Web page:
...and the occasional Bar-tailed Godwit from among its Black-tailed friends...

By the time the birds started to leave the lagoon as the tide receded, we had made our way to a shelter overlooking the shoreline to enjoy watching the swirling flocks as they flew back.
The latter part of the morning was spent watching Curlew Sandpipers and Little Stints on a scrape on the western edge of the reserve. I was pleased to finally catch up with Curlew Sandpipers, having not seen them before, but the Little Stints were something else – working their way across the mud like dinky little clockwork toys.

Frampton Marsh in the afternoon added some wildfowl to our day’s list – Pintail, Shelduck, Shoveler, Teal, Wigeon and Egyptian Goose to name a few, plus a Green Sandpiper; but the best was saved till last when a walk to one of the hides late afternoon turned up a perky Whinchat posing on the fence along the path, accompanied at times by a Wheatear and juvenile Goldfinch.

Wednesday, 8 September 2010

Is it or isn't it?

A genuine wild Marbled Duck... 

This individual was found at Broom Gravel Pits today.

There was a lot of discussion about whether it was a wild Duck or an escapee; but wild or not, it's an attractive Duck and was definitely worth the quick trip after work to see.

Monday, 6 September 2010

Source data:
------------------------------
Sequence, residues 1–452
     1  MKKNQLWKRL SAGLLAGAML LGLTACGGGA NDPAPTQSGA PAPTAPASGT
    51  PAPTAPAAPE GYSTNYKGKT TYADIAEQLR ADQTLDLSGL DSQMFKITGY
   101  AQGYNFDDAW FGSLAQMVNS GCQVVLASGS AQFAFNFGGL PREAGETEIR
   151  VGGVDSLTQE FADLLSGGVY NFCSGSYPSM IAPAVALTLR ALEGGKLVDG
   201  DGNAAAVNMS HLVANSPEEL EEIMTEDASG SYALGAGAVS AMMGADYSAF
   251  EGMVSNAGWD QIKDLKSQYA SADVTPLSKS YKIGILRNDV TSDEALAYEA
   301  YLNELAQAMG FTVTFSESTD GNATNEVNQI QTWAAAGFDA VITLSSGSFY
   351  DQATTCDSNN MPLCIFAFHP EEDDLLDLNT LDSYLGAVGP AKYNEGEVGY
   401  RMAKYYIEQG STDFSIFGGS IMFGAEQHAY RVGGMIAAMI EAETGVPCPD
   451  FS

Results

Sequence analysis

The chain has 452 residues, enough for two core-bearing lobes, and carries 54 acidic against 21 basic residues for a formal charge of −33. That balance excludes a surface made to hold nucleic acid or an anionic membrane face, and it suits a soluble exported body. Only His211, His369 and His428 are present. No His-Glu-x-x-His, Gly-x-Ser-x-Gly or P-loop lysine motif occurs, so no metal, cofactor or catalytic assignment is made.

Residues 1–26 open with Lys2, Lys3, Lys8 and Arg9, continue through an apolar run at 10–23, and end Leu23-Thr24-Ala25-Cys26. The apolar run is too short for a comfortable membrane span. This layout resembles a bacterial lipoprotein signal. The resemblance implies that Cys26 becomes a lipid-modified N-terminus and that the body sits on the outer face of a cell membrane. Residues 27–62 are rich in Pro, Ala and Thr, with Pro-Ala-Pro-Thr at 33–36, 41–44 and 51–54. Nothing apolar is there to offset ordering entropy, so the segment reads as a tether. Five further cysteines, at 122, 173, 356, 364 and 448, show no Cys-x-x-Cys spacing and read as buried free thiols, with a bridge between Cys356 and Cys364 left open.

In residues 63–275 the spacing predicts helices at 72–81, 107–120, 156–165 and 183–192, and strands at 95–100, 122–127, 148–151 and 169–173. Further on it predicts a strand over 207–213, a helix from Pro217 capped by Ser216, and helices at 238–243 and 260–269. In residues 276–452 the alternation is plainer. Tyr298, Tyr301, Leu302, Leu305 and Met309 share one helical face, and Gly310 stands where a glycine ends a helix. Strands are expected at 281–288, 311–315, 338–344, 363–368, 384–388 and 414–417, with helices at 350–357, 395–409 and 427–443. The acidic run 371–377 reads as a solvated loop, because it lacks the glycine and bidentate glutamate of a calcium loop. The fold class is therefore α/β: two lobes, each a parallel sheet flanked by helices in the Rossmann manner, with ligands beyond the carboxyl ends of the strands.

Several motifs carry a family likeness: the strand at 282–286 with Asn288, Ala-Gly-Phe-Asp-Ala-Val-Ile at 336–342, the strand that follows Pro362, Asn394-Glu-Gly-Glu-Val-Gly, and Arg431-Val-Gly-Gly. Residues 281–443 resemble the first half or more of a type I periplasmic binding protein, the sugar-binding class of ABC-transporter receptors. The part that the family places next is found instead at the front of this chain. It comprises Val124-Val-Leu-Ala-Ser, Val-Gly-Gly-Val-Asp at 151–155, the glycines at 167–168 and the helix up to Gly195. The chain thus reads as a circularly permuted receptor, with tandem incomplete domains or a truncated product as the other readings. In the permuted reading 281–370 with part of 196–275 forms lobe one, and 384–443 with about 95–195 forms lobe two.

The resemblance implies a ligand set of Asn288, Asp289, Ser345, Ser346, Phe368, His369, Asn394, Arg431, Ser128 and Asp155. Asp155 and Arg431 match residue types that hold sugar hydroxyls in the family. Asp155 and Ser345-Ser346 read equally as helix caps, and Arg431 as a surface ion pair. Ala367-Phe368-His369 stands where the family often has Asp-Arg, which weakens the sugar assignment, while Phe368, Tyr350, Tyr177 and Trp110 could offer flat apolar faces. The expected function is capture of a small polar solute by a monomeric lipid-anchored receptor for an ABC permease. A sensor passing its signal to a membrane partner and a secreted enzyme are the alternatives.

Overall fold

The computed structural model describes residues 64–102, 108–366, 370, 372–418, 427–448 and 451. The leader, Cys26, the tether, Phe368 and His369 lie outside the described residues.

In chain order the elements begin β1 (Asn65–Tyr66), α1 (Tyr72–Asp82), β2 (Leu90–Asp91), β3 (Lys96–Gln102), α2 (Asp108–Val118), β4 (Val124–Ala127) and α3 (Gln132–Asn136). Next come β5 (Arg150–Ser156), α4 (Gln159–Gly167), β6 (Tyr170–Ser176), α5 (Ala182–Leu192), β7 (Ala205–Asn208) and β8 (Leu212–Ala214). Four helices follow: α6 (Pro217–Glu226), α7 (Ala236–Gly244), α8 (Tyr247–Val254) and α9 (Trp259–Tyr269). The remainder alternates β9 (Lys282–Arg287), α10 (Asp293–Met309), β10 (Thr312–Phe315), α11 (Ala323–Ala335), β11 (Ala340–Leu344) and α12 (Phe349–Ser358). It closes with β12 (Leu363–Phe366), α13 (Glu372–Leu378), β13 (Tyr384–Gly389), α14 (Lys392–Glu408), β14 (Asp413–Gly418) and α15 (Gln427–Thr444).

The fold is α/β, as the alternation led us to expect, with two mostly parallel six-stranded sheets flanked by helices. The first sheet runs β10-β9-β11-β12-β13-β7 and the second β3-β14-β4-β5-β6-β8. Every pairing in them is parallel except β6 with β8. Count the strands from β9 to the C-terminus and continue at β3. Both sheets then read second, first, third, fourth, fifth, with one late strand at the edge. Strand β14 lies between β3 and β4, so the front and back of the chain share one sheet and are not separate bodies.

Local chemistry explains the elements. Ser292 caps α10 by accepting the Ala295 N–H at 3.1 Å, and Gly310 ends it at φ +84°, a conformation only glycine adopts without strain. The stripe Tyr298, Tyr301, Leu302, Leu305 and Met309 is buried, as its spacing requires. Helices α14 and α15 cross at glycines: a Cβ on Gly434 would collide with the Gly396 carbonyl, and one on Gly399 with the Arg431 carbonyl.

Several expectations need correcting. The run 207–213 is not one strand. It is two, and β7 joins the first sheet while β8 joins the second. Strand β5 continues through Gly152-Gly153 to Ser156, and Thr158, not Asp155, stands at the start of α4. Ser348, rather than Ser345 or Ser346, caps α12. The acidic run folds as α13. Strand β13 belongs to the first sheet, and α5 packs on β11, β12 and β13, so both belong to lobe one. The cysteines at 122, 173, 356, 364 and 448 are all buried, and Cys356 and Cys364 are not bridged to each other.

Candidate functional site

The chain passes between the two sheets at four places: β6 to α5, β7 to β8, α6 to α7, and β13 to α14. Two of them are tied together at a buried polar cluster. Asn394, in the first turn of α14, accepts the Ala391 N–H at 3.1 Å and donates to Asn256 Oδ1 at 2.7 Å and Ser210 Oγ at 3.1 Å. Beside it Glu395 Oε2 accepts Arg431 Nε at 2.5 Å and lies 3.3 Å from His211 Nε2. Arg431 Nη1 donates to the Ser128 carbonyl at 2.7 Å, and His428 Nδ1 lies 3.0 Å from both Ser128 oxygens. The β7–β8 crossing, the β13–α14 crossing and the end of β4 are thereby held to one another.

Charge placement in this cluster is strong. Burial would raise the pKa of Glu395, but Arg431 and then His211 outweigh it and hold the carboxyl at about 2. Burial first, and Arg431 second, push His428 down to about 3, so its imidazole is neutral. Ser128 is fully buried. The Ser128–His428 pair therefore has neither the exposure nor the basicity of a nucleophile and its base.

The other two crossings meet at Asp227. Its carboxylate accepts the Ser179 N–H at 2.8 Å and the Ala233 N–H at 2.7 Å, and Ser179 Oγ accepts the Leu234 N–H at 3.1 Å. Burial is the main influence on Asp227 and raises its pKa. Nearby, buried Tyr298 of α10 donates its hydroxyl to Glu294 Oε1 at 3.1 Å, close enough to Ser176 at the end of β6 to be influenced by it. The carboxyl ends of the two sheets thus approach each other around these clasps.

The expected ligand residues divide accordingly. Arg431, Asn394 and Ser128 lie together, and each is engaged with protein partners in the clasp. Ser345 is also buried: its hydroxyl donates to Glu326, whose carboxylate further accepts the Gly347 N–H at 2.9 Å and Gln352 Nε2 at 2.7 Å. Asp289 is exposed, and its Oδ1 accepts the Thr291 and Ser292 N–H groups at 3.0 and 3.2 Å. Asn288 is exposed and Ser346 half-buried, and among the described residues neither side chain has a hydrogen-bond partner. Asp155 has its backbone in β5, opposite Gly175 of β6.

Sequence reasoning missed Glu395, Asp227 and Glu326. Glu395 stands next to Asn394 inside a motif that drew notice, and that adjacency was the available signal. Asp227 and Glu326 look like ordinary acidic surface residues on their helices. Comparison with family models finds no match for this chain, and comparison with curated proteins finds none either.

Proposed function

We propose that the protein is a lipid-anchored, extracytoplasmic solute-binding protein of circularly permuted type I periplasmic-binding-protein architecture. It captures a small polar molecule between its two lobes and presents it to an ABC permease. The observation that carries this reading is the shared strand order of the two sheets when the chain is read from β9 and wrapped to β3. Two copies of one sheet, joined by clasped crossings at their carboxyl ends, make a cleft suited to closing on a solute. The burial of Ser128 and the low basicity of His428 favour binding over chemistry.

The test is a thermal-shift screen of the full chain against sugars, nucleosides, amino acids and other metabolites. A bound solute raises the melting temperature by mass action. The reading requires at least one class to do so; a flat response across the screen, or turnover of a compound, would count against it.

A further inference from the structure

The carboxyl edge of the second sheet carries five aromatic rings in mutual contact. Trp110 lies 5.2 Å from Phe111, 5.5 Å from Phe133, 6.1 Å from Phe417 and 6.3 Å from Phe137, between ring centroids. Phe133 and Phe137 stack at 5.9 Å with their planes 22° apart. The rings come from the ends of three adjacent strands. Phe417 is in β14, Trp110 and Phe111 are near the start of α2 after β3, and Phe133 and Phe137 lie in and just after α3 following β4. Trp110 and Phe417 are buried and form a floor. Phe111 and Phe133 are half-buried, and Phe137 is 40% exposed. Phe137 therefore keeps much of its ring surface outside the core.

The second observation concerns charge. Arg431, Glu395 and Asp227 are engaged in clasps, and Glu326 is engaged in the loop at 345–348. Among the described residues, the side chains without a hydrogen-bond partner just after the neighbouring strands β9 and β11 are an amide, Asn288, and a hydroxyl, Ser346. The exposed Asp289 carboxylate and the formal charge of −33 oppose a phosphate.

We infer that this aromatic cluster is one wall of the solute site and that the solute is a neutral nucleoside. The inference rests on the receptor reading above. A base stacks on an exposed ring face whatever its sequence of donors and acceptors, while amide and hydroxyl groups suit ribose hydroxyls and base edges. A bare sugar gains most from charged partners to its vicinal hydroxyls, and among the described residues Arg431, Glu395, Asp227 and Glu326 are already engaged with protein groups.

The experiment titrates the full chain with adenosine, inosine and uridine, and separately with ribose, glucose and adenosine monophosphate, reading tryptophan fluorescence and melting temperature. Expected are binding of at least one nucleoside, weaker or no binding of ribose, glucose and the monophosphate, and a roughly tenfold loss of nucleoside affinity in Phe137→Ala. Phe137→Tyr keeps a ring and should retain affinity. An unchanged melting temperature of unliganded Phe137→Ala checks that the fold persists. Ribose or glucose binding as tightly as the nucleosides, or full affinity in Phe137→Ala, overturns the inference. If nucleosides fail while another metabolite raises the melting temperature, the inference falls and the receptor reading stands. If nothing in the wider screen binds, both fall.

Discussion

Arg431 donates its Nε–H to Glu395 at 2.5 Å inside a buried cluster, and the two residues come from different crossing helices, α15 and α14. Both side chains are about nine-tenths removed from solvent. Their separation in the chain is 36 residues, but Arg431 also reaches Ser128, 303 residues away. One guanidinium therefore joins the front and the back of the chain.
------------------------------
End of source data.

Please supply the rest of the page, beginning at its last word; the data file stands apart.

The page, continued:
Red-backed and Red-necked

We're certainly perfecting our Red-backed Shrike ID at the moment. Having seen the adult female at Biggleswade last weekend, we arrived at Holme on Saturday [4 Sept] to hear that a juvenile was present there, and soon caught up with it – frequenting a patch of scrub in the middle of the dunes area.

An exciting bonus was the Barred Warbler keeping it company (which apparently is often the case) – although this was much more elusive and several vigils throughout the day were rewarded with only a couple of brief appearances.

We ended the day in the hide at Redwell Marsh watching a Red-necked Phalarope that had flown in the previous day. This bird definitely wasn’t hard to spot – it had the pool more or less to itself. Feeding frantically, it stopped for barely a second and made you feel almost dizzy watching it. After leaving its breeding grounds in the Arctic this one had decided to break its journey in Norfolk in readiness for the final stage of its journey to the Arabian Sea. The Arctic to the Arabian Sea... no wonder it needed to eat so much.

Friday, 3 September 2010

Shrike Zone

Although now considered virtually extinct in Britain as breeding birds, Red-backed Shrikes were, apparently, once common in the UK and particularly in what is now the A1 area of Bedfordshire; so it was fitting that when one decided to visit the county last weekend it chose the same area for a stopover - on this occasion Biggleswade Common.

We had good views of the adult female bird - perching in the open, and occasionally dropping into vegetation to catch prey. Don’t you just love it how some birds can keep their head still while everything else attached to it moves with the breeze...